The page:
The difficulty of conceiving how mind can act on matter and matter can act on mind seems to be empirically insuperable. The physiological series and the psychological series are incommensurate. Empirically we must confess our complete ignorance of the nature of the ultimate relation of the one to the other. But, none the less, in many cases observed facts show that they are in some way related. Empirically, therefore, our only course seems to be to leave on one side the ultimate relation of the one to the other, and deal with the concomitance as an unexplained fact of observation; or, if an assumption must be made, the safest assumption is that what from a physical and physiological point of view is a complex molecular disturbance is at the same time from a psychological point of view a state of consciousness. The two are different aspects of one natural occurrence. Why such an occurrence should have two so different aspects we have not the faintest idea; but here we are not one whit worse off than we were before. It does, however, enable the physiologist and the psychologist to deal independently, each with that group of facts which may be requisite for his ideal construction. What does this imply ? It certainly does not imply that either series would remain just what it is if the other series were non-existent. As well might two Irishmen assert that because each saw but one side of their boundary wall the other side did not "count for anything at all, at all." A Scotchman would point out that each side counted, but that you could not see both at once. The inevitable incommensurability of the physiological and the mental series implies that we can only pass from one to the other in the same argument by changing the point of view. But if the state of consciousness actually is the very same something which the physiologist calls, in the language of physics, a molecular disturbance, we may change the point of view as often as we like with perfect freedom. In fact we do so, in effect, every day of our lives whenever we say that certain occurrences in the external world give rise to a train of thought as the outcome of which we act in this or that particular manner. If, however, we adopt this course, and if we allow ourselves to say that the occurrences cause, or are the antecedents of, the train of thought, we have every bit as much right to affirm on precisely the same grounds that the train of thought causes the acts which follow. In saying that consciousness influences behaviour one who accepts the double-aspect theory of concomitance is merely avoiding a cumbrous form of circumlocution. He puts it in this way instead of saying that the nerve-changes in the cerebral cortex, which from a psychological point of view are a conscious situation or a train of thought, influence and determine the course of behaviour. But from this point of view it is absurd to say that consciousness is merely an adjunct, a by-product, an epi-phenomenon absurd to say that were there no conscious situation the neural situation would remain unchanged. They are the very same thing regarded from different points of view; and to say that there is no influential conscious guidance and control is simply equivalent to saying that there is not the determining condition of the cerebral cortex, which is its organic concomitant. For, as I said before, on the assumption of concomitance, "cerebral control system" and "mind" are interchangeable terms.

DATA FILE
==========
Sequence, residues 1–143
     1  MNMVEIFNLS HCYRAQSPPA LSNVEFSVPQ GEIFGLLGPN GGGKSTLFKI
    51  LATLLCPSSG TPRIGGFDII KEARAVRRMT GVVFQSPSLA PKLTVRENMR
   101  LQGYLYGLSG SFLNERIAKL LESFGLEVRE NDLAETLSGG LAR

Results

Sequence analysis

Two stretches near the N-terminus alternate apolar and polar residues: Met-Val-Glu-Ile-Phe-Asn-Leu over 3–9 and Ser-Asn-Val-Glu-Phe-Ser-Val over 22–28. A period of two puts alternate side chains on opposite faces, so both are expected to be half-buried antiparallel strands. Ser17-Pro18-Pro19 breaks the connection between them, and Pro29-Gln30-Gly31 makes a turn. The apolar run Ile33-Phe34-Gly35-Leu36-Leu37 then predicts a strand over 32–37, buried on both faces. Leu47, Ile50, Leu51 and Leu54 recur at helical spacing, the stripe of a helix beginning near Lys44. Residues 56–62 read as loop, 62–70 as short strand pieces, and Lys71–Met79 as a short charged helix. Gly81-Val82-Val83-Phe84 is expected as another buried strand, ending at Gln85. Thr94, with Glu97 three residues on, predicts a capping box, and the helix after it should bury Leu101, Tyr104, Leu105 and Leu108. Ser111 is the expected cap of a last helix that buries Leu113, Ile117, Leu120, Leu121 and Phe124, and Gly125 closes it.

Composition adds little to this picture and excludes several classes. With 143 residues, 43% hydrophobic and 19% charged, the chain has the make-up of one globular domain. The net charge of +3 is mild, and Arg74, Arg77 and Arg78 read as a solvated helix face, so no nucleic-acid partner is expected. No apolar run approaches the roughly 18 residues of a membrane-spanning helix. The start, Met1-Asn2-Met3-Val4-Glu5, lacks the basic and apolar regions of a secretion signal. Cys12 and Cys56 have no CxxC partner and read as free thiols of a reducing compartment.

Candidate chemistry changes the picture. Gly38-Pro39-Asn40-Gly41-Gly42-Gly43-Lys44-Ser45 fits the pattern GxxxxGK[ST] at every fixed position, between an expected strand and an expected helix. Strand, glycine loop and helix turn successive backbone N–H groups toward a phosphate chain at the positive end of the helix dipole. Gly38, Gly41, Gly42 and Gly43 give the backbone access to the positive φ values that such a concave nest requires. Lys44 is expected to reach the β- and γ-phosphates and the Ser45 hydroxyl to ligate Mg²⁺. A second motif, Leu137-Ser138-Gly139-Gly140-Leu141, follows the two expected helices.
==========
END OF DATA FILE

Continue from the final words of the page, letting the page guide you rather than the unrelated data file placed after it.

As a matter of fact, in large sections of human life and conduct we know a great deal more about the mental aspect, with its antecedences and sequences, with its doctrine of values for consciousness, than we do about its physiological aspect. When a man receives a letter offering him an appointment under certain conditions, we can at least in some degree interpret in psychological terms what intervenes between the receipt of the offer and the despatch of a reply. We can only in the vaguest and most general terms interpret what goes on in his cerebral hemispheres. If we admit that there are cortical concomitants, we must also admit that we know very little about them. That is why we are forced to change our point of view in the midst of an interpretation of what naturalism—physical and psychological—regards as a strictly determinate series. But to say that these conscious deliberations are merely a by-product of the physiological processes, of which we know so little; to say that they are only collateral effects of brain mechanics; is tantamount to saying, as Professor Herbert put it, "that the actions, words, and gestures of every individual of the human race would have been exactly what they have been in the absence of mind; had mind been wanting, the same empires would have risen and fallen, the same battles would have been fought and won, the same literature, the same masterpieces of painting and music would have been produced, the same religious rites would have been performed, and the same indications of friendship and affection given." That is what the steam-whistle theory of consciousness involves, and that is a view which, I venture to think, cannot possibly be accepted.

In place of this we have, still however on the naturalistic interpretation, a continuous biological series of events completely explicable in terms of antecedence and sequence; and a discontinuous mental series, sections of which may be explained in terms of subjective or ejective sequence, while intervening sections have to be explained by referring us to organic conditions. By the doctrine of concomitance the ideal construction of psychology is brought into relation with the ideal construction of physiology. But according to naturalism the ideal construction of physiology may itself be brought into relation with the ideal construction of physics, and the phenomena may be interpreted in terms of physical configurations. Hence, in naturalistic analysis and synthesis concomitance links together physical configurations, and what we may term psychological configurations or dispositions. But there is no necessary reference to any underlying cause through the agency of which the configurations or dispositions change in this way or in that.